FLINT TOWNSHIP — The Baker College occupational therapy program has received the Autism Angel Award from Autism Support and Resource Center (ASRC).
The award recognizes support provided by students and faculty in the bachelor’s/master’s program that trains students to help patients who have physical and mental challenges improve their ability to perform everyday tasks and achieve more independence.
ASRC is a not-for-profit organization located in Burton that works to enhance the quality of life for children with autism.
“Our five-year partnership with Baker College has been extremely beneficial for the families who have turned to ASRC for help in dealing with the effects of autism,” said Anne Haley, ASRC executive director. “The students and faculty in Baker College’s occupational therapy program have gone above and beyond to ensure the availability of services and activities for those living with autism in our community.
“We are also thrilled that the students are gaining valuable experience in dealing with this disorder and will be able to potentially use this experience to help others later in their careers.”
Baker College students have provided hundreds of hours in support of ASRC monthly socials, POWER Basketball and POWER Summer Camp – providing one-on-one assistance to campers. POWER is the acronym for peer outreach with extraordinary results.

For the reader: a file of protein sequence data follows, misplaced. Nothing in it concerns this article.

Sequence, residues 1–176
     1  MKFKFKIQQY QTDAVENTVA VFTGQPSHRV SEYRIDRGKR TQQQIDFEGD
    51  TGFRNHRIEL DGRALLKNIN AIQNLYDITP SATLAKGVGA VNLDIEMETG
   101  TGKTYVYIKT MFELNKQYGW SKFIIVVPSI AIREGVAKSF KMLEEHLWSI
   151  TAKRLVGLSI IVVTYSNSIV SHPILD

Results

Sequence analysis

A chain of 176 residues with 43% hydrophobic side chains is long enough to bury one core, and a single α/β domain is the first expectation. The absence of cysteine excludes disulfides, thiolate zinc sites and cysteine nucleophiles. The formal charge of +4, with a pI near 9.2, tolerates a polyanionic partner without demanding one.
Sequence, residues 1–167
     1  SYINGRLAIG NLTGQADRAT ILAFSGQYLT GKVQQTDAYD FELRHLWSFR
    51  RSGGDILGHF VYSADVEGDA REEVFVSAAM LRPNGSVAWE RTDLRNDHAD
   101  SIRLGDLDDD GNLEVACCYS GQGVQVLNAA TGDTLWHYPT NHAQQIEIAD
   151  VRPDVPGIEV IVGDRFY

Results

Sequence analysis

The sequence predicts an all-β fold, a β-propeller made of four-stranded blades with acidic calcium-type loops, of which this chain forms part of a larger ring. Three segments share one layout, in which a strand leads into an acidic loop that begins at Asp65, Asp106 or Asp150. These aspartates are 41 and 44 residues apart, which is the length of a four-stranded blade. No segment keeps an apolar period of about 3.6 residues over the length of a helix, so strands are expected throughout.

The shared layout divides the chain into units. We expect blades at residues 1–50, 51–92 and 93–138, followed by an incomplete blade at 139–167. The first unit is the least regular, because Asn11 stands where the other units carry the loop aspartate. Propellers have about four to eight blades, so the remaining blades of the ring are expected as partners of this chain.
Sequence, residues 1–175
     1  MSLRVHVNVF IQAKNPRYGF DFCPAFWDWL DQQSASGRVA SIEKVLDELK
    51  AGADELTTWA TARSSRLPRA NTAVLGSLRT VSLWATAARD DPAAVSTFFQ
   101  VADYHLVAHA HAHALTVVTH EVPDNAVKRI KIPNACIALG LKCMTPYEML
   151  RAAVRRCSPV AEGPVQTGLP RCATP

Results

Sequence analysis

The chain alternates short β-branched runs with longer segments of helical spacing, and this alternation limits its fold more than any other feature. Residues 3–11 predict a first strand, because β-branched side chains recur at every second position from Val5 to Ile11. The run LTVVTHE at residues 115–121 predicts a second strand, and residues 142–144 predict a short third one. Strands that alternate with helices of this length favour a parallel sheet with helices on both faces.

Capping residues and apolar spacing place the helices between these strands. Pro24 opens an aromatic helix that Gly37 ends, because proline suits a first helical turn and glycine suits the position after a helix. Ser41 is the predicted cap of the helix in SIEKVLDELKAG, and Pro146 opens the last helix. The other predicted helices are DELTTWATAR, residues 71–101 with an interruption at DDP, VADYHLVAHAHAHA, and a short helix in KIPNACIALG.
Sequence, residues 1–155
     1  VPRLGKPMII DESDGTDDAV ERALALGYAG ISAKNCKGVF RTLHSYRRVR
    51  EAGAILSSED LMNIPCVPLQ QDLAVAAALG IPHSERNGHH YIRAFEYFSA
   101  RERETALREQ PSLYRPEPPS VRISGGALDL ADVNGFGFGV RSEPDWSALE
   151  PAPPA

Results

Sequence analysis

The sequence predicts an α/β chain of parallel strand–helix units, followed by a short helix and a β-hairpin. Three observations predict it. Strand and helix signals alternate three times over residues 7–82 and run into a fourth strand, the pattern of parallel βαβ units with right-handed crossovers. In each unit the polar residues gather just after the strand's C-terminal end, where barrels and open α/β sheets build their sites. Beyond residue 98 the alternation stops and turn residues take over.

Classroom projects benefiting ASRC are included in Baker College curriculum. Students conduct needs assessments to identify ways occupational therapy can help ASRC clients. The students get real-world experience by presenting their findings and implementing projects approved by ASRC management and board.
“ASRC provides a unique opportunity for students to enhance their therapeutic skills in creating and implementing socialization activities important to a child’s well-being,” said Susan Tons, Ph.D., OTRL, CHT, Baker College occupational therapy professor, who has also served on the ASRC board of directors.
It is through projects such as developing a social skills class or coordinating a social gathering that students quickly learn activities must be meaningful in order to engage the children. With that knowledge, students then counsel parents and caregivers in ways to duplicate successful techniques at home.
Haley said autism is being diagnosed more than in the past and is an important public health concern. ASRC estimates that 1,000 school-aged children with autism live in Genesee County. The Centers for Disease Control and Prevention estimated that about one in 68, or 1.5 percent of 8-year-olds in the U.S. was identified with autism spectrum disorder in 2012. For more information about ASRC, contact Haley at 810.742.5404 or firstname.lastname@example.org.